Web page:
What is Freeview?

Posted: April 15, 2009 in science & technology, society
Tags: ,

freeview_1

At the moment nothing else but a big marketing campaign to confuse consumers and create demand for future features that will benefit commercial broadcasters and take away options for consumers. And right now, everyone seems puzzled, bewildered and mystified: consumers, manufacturers, and even the Freeview consortium doesn’t have a clear understanding yet which of their planned technology will be available. Yet the marketing machine, heavy on rhetoric and light on details, is running at top gear – for good reasons.


This in short is what has been emerging so far:

  • The promised “next generation of free-to-view digital television” will not happen any time soon.
  • Freeview is not an exciting new service but the same old digital television that has been talked about for years.
  • Australia’s free-to-air broadcasters attempt to create consumer demand for TV gear that has their Freeview logo on it.
  • Freeview therefore is nothing more than a brand establishment campaign with a double purpose: to defend against Pay TV and, even more important, to force manufacturers to remove new technologies such as add-skipping.
  • These changes will disadvantage consumers in two ways: Freeview-badged gear will:
    • become more expensive (because manufacturers have to invest in new technology and license Freeview features)
    • take options away, eg people won’t be able anymore to skip ads or copy recordings
  • To trick consumers into demanding the Freeview logo carrying equipment, the commercial broadcasters not only create confusion but also fear: they make people feel their digital TV might not work anymore or that they might miss out on the promised 15 new channels or not be able to access the electronic program guide; the latest gig is that the broadcasters might change their broadcasting format in May (from MPEG-2 to MPEG-4). By and large almost all of these claims are false:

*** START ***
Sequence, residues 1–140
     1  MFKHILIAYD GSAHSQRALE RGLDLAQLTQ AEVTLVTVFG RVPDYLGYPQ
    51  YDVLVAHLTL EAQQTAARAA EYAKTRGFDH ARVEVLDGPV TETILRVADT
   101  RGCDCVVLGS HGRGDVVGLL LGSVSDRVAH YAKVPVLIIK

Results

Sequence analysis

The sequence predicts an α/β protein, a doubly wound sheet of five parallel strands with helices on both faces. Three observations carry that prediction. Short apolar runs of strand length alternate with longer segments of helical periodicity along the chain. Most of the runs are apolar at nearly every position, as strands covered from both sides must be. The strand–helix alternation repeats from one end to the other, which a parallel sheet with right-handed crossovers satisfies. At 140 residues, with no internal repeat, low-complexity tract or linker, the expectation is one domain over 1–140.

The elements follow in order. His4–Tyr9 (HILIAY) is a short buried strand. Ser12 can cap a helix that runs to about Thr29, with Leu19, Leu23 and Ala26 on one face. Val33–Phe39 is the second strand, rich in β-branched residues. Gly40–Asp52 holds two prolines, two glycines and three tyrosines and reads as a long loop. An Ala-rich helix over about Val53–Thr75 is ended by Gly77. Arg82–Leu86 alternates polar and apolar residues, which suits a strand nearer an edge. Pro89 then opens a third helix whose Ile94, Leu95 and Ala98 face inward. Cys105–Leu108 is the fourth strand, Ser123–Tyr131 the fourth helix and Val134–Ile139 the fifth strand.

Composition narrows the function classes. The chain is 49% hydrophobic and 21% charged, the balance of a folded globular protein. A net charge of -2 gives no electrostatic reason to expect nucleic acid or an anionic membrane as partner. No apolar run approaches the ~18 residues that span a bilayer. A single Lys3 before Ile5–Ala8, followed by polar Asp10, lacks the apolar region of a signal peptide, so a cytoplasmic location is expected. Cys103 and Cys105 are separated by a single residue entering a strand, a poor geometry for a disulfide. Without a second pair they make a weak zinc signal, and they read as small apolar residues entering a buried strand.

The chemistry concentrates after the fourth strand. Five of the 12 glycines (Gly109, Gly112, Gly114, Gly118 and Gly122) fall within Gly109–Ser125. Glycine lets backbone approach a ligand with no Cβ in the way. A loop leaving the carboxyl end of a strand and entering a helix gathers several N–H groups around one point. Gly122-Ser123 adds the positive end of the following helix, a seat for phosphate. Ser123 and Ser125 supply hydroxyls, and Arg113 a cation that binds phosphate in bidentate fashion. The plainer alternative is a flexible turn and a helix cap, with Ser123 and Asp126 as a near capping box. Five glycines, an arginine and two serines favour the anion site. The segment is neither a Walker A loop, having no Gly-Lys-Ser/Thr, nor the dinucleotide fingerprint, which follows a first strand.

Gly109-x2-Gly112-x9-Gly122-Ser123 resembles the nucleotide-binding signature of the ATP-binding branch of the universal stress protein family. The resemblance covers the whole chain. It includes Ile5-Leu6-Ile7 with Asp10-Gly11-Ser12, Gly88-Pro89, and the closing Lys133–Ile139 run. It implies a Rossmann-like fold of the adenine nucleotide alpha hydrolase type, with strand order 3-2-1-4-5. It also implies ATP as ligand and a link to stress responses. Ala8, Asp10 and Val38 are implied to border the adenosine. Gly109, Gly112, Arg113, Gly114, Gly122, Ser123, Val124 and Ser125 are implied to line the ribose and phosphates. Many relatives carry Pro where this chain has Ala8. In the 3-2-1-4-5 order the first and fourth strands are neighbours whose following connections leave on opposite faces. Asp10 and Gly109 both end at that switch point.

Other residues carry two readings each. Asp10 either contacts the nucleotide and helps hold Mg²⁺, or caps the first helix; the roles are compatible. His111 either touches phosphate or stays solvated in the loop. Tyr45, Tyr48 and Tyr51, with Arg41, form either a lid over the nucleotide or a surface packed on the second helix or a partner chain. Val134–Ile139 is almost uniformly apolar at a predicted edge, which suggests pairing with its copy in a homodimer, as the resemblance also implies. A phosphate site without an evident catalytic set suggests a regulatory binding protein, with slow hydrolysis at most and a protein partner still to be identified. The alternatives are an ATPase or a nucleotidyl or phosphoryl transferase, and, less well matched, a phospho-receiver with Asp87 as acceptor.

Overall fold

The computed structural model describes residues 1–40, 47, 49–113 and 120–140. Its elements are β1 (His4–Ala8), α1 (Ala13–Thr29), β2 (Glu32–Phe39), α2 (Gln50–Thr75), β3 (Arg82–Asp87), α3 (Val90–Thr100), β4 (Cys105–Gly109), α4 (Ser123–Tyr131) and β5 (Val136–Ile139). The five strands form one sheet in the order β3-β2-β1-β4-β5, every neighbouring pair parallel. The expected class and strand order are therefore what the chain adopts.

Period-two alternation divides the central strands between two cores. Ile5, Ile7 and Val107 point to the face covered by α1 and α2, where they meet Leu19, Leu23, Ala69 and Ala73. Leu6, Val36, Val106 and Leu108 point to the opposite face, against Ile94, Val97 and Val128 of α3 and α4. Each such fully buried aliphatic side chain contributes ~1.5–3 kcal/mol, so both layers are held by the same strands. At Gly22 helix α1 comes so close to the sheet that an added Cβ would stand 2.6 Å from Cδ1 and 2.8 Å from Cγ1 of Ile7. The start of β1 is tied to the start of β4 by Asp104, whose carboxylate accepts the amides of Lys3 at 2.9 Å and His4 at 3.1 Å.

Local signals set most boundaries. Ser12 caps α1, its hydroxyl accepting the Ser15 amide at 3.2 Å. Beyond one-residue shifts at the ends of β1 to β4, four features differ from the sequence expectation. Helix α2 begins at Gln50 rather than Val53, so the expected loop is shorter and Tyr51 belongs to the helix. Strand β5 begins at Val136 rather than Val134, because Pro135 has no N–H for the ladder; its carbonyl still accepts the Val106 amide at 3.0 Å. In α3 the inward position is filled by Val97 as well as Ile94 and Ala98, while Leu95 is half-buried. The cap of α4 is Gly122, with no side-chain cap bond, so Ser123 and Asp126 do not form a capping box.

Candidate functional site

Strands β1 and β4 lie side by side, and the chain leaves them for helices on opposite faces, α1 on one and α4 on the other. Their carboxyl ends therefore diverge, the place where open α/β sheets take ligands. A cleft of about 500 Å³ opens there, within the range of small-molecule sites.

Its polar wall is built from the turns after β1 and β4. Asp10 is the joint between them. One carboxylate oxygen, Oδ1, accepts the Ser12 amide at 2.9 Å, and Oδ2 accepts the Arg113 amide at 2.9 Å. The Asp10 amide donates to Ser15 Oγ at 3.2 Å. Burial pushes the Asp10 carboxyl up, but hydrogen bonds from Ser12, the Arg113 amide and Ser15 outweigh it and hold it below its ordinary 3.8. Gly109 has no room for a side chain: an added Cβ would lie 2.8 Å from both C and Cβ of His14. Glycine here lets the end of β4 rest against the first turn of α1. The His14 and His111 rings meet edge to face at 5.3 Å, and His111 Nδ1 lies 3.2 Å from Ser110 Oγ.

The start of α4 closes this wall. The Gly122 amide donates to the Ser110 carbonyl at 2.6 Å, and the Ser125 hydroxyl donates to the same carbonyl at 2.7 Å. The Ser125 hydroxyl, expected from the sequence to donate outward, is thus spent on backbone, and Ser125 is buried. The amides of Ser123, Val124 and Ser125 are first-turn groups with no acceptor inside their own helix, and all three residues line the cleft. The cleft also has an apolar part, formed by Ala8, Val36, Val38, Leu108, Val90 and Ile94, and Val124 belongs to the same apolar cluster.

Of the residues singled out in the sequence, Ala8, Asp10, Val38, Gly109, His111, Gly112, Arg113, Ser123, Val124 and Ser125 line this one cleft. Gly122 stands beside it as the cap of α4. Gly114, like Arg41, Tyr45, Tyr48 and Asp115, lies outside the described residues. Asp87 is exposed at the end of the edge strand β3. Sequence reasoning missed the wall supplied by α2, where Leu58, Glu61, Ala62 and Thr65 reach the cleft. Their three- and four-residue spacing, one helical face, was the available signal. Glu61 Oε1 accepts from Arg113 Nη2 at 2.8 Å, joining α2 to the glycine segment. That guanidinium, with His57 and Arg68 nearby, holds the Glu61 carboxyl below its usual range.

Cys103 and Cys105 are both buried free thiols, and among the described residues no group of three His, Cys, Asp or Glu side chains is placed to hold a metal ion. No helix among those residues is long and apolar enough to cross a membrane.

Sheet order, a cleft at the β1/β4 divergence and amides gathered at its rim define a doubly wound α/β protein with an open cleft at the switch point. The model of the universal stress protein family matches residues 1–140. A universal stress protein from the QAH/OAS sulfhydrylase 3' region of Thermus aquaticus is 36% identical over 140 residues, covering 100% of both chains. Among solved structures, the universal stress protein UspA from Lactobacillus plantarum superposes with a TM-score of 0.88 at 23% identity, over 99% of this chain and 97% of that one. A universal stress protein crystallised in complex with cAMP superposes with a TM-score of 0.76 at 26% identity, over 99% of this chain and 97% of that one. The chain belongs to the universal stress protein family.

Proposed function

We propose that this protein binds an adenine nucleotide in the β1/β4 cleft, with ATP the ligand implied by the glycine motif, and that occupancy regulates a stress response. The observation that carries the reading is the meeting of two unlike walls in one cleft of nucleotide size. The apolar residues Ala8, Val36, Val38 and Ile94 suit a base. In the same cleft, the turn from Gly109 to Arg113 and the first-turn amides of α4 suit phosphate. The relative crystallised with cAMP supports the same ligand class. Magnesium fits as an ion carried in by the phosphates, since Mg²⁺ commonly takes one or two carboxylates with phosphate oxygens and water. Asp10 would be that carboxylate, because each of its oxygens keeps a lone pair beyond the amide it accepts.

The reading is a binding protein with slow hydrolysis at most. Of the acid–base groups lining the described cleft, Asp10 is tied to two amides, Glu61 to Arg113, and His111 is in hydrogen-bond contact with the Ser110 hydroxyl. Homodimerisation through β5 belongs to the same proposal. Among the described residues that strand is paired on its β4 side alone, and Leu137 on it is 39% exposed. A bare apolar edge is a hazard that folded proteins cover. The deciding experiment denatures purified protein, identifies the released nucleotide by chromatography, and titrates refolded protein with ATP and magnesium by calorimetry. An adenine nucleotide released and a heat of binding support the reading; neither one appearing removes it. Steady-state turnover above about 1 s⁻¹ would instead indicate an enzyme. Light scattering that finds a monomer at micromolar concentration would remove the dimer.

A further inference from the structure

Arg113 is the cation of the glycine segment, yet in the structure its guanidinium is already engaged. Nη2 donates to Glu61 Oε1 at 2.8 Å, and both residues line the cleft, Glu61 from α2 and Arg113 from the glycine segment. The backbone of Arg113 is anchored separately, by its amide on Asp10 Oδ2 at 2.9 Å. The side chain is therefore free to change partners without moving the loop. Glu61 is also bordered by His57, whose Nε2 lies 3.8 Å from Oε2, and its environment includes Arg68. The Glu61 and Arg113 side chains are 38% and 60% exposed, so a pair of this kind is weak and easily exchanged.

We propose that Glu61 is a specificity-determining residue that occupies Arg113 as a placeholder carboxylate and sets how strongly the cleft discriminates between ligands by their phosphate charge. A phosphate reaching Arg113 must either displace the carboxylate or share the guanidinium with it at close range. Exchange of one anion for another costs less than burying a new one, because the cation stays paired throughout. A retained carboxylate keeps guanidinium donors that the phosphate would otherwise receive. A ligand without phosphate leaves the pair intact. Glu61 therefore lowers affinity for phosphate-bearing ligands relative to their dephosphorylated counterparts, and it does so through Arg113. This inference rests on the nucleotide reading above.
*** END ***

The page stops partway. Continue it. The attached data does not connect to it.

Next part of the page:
• digital TV will continue to work as it always did
    • any current TVs and recording equipment will continue to have full access to all channels
    • the program guide feature won’t be available till at least the end of 2009, and even then we’ll have to see whether they might be partly accessible without Freeview approved technology (leave alone whether it is a worthwhile MUST-HAVE feature)
    • the industry has said repeatedly that the change from MPEG-2 to MPEG-4 is years away
    • to get the Freeview logo, TV gear must be MPEG-4-compatible, but so are already some non-Freeview devices
  • The 15-channel claim is bogus, at least in the short-term: so far extra channels tend to simulcast what’s already on the main channel. And if the TEN Network is setting the trend, there’s little room for excitement: in March this year it introduced its ‘three’ new channels: one HD 24-hr sports channel, the same channel in SD (standard definition) and its mixed program SD channel – which also sometimes broadcasts sports.  (What are the 15 channels by the way? Each broadcaster has three; so far, the ABC and SBS already have three channels while the three commercial broadcasters will join them this year – which in theory will make 15)
  • Having whipped up consumer concerns and confusion, Freeview badged equipment will become available in May 2009 to soothe people’s fears. BUT: because Freeview hasn’t decided some final standards yet, people buying gear with the Freeview tick of approval now might end up with obsolete equipment by December; by then it might not be compatible with upcoming new Freeview features. Buying Freeview components now therefore will not necessarily provide peace of mind, not for the next few months, leave alone six to seven years as promised:
    • the potential incompatibility relates to such services as a standardised on-screen electronic program guide
    • reason for uncertainty: the Freeview consortium has not made a decision yet on the technology for its advanced features
    • this technology might be based on the MHEG-5 standard (or might not be)
    • the features will be launched by the end of the year if a decision has been made by then
    • despite the lack of clarity, Freeview is already handing out its logos and creating consumer demand through their advertising campaign (!)
    • manufacturers selling the early devices will not be required to indicate whether they are feature compatible
    • despite the possibility that non-MHEG-5 devices might not be upgradable, manufacturers are allowed to sell them for another three years (!)

Conclusion:

Right now the whole Freeview hype represents a rip-off. The campaign is deceptive, misleading and creates a fog of confusion. Freeview will benefit consumers little but deliver the broadcasters major benefits: more secure advertising revenues and possibilities to sell TV programs by limiting copying. I doubt that the future features will outweigh the detriments for consumers.

As for right now: don’t buy any Freeview devices before the end of the year, and after that only if there is a guarantee that whatever you buy is compatible with all then available and planned services. But make sure you really want or better, NEED these services. After all: remember that if you don’t want to loose options such as ad-skipping and program copying, keep looking for devices without the Freeview logo – at least as long as you can.


[Source: Picture not clear on Freeview]

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